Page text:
Oliva had FUE ― follicular unit extraction. It’s a procedure where the hair follicles are transplanted from the back of your head to your hairline without leaving any noticeable scarring. Over the years, FUE has become more popular than the follicular unit transplantation (FUT) ― the older procedure where the surgeon and technicians take a strip of skin from the back or the side of the scalp and then extract the hair follicles.
In the U.S., the FUE hair transplant could run you anywhere from $4,000 and $15,000 per session. Oliva said his surgery in the Dominican Republic came out to $2,800.
He found out about the surgeon on TikTok, another place where young men ― and some women ― regale others with their experiences with hair transplants, replete with images of the slightly unnerving looking immediate aftermath. (Almost every patient deals with some facial swelling and swelling of the scalp after a hair transplant.)
Now he makes hair restoration TikToks himself.
“I’m very happy with the results,” he said. “I might actually have to do it again because I only did my hairline.”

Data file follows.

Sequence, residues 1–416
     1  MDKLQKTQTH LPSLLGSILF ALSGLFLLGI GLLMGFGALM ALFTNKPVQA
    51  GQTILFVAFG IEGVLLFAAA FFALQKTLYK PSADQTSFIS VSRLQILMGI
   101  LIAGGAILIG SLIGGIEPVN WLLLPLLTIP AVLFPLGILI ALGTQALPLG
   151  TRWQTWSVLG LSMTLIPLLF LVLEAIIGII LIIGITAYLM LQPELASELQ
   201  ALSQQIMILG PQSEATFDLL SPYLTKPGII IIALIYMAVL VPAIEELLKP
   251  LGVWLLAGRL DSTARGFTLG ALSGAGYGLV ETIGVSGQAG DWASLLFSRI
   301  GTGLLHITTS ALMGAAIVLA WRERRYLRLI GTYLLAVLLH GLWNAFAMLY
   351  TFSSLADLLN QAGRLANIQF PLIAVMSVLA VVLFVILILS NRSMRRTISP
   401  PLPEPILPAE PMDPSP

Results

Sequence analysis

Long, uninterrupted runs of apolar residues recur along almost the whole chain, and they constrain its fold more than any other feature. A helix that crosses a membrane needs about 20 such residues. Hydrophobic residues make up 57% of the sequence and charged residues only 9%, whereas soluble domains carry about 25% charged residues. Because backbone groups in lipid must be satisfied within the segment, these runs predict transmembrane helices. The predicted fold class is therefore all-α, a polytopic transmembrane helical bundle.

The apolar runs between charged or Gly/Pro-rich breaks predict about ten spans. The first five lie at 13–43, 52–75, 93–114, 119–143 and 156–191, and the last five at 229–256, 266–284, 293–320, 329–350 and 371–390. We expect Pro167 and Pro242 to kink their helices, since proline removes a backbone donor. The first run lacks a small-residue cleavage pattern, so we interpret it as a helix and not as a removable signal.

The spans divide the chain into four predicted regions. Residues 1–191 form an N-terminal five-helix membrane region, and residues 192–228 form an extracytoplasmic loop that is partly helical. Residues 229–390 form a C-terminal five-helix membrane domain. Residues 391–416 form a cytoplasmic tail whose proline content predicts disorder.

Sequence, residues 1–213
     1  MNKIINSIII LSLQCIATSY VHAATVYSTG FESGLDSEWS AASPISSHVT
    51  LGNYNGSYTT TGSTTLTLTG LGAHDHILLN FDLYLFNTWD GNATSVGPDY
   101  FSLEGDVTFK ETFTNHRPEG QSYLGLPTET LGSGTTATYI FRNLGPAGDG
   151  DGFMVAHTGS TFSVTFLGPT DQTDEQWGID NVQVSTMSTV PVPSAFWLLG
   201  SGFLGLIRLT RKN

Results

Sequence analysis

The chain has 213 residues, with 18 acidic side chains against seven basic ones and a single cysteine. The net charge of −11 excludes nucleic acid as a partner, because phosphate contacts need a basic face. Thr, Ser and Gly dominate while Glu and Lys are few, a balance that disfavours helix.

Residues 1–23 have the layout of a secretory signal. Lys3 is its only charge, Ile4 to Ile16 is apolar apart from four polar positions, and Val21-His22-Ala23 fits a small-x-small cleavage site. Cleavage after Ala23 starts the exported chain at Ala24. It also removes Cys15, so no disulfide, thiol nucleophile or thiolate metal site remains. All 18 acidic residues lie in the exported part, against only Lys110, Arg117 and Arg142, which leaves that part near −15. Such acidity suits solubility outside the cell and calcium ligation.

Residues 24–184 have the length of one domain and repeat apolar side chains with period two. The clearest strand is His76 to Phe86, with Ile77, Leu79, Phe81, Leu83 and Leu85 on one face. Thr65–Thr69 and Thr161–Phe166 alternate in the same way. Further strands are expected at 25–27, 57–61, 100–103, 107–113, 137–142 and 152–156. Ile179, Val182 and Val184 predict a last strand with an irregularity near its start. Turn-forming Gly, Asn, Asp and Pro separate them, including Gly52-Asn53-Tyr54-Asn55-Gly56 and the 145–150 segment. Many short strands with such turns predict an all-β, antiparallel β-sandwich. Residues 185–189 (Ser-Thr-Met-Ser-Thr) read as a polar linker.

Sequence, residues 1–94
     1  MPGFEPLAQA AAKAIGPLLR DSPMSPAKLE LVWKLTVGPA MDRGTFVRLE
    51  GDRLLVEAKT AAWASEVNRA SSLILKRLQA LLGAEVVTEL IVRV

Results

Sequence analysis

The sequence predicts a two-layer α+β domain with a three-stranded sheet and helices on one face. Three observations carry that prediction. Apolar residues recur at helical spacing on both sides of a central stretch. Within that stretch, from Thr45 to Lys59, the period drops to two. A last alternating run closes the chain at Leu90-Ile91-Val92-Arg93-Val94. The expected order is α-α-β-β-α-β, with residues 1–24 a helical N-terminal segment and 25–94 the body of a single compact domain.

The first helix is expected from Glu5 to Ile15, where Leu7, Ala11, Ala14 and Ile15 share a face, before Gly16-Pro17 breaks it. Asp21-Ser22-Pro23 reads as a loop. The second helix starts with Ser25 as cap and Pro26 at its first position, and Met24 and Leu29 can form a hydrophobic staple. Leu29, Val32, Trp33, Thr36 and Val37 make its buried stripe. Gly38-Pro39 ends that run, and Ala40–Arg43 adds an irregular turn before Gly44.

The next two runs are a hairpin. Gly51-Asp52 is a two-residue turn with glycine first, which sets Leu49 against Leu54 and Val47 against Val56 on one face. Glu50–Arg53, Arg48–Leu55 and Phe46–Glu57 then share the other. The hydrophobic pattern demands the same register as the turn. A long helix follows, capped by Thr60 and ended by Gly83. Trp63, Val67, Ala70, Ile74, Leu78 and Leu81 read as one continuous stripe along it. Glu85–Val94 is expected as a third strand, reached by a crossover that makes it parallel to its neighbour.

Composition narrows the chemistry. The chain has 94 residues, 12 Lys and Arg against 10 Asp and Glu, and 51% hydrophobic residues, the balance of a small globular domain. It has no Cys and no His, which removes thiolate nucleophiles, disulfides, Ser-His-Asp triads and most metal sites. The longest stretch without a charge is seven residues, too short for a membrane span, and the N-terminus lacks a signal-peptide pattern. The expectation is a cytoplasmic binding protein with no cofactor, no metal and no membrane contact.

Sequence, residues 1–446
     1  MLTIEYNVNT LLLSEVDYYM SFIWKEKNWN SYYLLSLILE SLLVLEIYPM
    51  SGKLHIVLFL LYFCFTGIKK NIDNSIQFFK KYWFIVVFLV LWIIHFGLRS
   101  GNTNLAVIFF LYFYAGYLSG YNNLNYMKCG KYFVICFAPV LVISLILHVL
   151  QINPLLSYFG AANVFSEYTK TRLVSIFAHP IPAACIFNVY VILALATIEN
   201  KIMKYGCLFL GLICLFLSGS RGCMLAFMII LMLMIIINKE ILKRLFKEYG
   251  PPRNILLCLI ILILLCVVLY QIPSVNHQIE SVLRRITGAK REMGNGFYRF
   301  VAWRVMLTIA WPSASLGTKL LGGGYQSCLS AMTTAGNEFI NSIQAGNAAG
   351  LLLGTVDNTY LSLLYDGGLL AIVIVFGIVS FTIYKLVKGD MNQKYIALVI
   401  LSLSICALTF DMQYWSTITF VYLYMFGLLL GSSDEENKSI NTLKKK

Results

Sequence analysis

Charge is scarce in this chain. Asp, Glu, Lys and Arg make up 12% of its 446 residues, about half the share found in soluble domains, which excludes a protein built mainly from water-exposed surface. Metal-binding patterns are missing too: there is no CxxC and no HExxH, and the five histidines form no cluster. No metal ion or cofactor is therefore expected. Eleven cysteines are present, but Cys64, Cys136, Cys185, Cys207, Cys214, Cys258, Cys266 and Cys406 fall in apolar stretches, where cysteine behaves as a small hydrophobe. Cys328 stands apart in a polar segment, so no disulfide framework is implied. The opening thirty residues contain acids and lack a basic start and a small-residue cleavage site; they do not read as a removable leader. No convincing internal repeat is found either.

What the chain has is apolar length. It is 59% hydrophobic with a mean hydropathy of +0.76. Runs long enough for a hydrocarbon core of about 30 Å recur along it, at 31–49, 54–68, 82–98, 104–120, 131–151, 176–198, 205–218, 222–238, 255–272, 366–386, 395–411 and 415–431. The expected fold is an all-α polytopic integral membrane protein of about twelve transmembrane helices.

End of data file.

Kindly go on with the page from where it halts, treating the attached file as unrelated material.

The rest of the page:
Amir ur Rehman, a 29-year-old engineer from Dubai, also got his hair transplant when he was on the younger side.
At 23 years old, he felt way too young to be bald and he was sick of his phone resurfacing photos of him on “this day in 2013” when he still had a healthy, enviable crop of hair.
His wife was fine with him balding in his early 20s, but it didn’t sit right with him. “Some people suggested I should wear a wig, but you’ll never get satisfaction wearing a wig,” he said.
He tried shampoo after shampoo and took advice from anyone who’d offer some, but nothing seemed to work.
“I got scammed in Dubai by some random guy who offered me some herbal medicine ― the hair scam is very famous in Dubai,” he said. “A bald person will listen to anyone who gives tips about hair growth.”
Eventually, fearing the dreaded comb-over, he caved and got his first hair transplant in 2019 in Pakistan, where you can get the procedure for a fraction of what it costs in the West.
The results weren’t great, though, and the engineer ended up pursuing two more surgeries.
Now, no one would suspect he was an almost-balding guy once. He’s happy with his hair but wants people considering hair transplants to temper their expectations. Transplanted hair look will never be the same as your natural hair, he said, no matter where you do the transplant and how many you do.
“With a hair transplant, you will think about the back side ― the donor area ― and the empty spaces there,” he said. “If you cut too much, it will be visible. You have to adopt a hairstyle that caters to where the density looks good.”